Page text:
The following email conversation took place in August 2015, upon the acquisition Two Snakes (2015) directed by Kristin Li for active Video Out distribution. This work was presented at the eighth installment of Video Out’s New Additions Series which was held on August 12th 2015 from 7:30pm – 9:30pm at VIVO Media Arts Centre, 2625 Kaslo St.
SJD: Shauna Jean Doherty
KL: Kristin Li
SJD: How long have you been making video art?
KL: I’ve always been interested in video and film but only started seriously making things last year. I moved back to Montreal in the early days of 2014, after dropping out of a PhD in Chicago and traveling for a few months on leftover stipend money. There wasn’t much to do in Montreal winter, so I made videos out of a few ideas that had been with me for awhile.
SJD: Did you experiment with other mediums to explore autobiographical concepts before you chose video?
KL: This is my first time working explicitly in autobiography. I usually critique or make fun of things but wanted to try a personal project. Maybe it’s because I started therapy.
SJD: What is it like to be an artist in Montreal?
KL: Tenants’ rights are much more robust here than in most other cities and there aren’t many full-time jobs available to Anglophones, so lots of people I know don’t work very much. There’s always free time circulating and people excited about projects—within a month of coming back to the city, I was able to find a dozen people committed to working on a ridiculous queer S&Mish movie based on the story of Samson and Delilah. In another city I probably wouldn’t have made such a complicated first movie.
SJD: Have you had any mentors or people who have influenced your artistic production?
KL: A couple of experienced artists have given me an infrastructural sketch of the art and video world but I still feel mostly clueless about that. I collaborate with friends who are good at things that I’m not. My aesthetics are generally informed by watching movies, especially melodramas.
SJD: You noted that this video was originally presented with a live performance, can you explain what the event was like?
KL: I organized a night called OEDIV CISUM with Slut Island, a group that puts on queer and feminist music events in the city. We paired up eight artists with eight musicians or bands, and each pair spent a month making a video accompanied by live score. Some of the artists were working in video for the first time. Julie Matson, who also performs under Echo Beach, scored my video. I heard it for the first time on the night of the screening.
SJD: Did you make the animations in Two Snakes? They are so awesome.
KL: I did. I made them in Flash because I learned to use the program in middle school.
SJD: At what point did you recall the television show that you reference in the video, what do you think triggered the memory?
KL: The TV show came to me when I was scrambling to figure out what to do for the live score event. I wanted to make something about myself and suddenly remembered the legend of the white snake and its hilarious homosexual overtones. I initially just wanted to reenact the story, which would’ve been a video about finding a self in reclaimed ancestry and finding a home in reappropriated narratives, but of course that’s too easy. So I made a video about the impossibility of doing those things.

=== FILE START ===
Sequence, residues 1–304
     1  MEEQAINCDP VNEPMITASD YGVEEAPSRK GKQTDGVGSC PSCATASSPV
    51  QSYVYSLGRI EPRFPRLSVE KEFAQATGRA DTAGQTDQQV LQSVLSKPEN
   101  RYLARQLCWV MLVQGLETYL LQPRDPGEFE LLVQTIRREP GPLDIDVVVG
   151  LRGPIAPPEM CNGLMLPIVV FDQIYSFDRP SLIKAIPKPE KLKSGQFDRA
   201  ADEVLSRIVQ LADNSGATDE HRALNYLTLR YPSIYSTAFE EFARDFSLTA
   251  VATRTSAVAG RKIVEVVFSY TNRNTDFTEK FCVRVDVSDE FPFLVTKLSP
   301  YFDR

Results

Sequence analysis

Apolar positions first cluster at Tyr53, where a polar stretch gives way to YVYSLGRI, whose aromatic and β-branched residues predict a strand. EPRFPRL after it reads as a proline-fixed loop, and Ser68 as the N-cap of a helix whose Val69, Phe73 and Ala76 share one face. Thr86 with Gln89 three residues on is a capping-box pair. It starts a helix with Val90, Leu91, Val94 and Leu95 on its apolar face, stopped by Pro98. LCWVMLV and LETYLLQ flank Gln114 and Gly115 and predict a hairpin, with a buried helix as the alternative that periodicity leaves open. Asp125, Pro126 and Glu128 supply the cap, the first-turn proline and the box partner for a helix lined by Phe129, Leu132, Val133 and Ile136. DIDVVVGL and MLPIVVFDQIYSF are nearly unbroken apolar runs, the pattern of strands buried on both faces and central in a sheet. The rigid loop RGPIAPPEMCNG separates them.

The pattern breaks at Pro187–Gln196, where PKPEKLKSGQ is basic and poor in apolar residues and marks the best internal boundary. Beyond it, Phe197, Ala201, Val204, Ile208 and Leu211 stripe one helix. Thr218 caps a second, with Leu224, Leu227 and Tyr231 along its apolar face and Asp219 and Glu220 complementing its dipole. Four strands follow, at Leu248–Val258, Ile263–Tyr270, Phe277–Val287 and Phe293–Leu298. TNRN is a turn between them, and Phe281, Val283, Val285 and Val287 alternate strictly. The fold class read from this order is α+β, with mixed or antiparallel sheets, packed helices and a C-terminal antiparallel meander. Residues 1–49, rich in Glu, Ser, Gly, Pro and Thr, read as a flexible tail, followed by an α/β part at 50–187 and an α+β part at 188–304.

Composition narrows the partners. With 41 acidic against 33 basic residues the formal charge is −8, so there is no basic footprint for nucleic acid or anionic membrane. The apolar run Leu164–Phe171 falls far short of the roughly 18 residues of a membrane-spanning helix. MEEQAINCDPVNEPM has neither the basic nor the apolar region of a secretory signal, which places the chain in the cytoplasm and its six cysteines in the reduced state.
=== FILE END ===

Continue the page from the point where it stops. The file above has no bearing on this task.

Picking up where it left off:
SJD: Have you been back to China since you moved to Canada? Do you have any plans to go?
KL: I went back to China twice after moving to Canada in 1998. The last time was in 2007. I have no plans to go but I would really like to visit, particularly to do a project about China’s economic history through the experience of my parents’ generation, who came of age during the Cultural Revolution and are now steering this juggernaut in the matrix of global capital.
SJD: What do you think about the attempt to define a contemporary queer aesthetic? Do you think it’s possible to do?
KL: Definitely. What’s queer if not an aesthetic? We all know it when we see it.
VIVO is located in the homelands of the xʷməθkʷəy̓əm (Musqueam) Sḵwx̱wú7mesh (Squamish), and səl̓ílwətaɬ (Tsleil-Waututh) peoples in a warehouse space at 2625 Kaslo Street south of East Broadway at the end of E 10th. Transit line 9 stops at Kaslo Street on Broadway. From the bus stop, the path is paved, curbless, and on a slight decline. The closest skytrain station is Renfrew Station, which is three blocks south-east of VIVO and has an elevator. From there, the path is paved, curbless, and on a slight incline. There is parking available at VIVO, including wheelchair access parking. There is a bike rack at the entrance. The front entrance leads indoors to a set of 7 stairs to the lobby.
A wheelchair ramp is located at the west side of the main entrance. The ramp has two runs: the first run is 20 feet long, and the second run is 26 feet. The ramp is 60 inches wide. The slope is 1:12. The ramp itself is concrete and has handrails on both sides. There is an outward swinging door (34 inch width) at the top of the ramp leading to a vestibule. A second outward swinging door (33 inch width) opens into the exhibition space. Buzzers and intercoms are located at both doors to notify staff during regular office hours or events to unlock the doors. Once unlocked, visitors can use automatic operators to open the doors.
There are two all-gender washrooms. One has a stall and is not wheelchair accessible. The other is a single room with a urinal and is wheelchair accessible: the door is 33 inches wide and inward swinging, without automation. The toilet has 11 inch clearance on the left side and a handrail.
To reach the bathrooms from the studio, exit through the double doors and proceed straight through the lobby and down the hall . Turn left, and the two bathrooms will be on your right side. The closest one has a stall and is not wheelchair accessible. The far bathroom is accessible.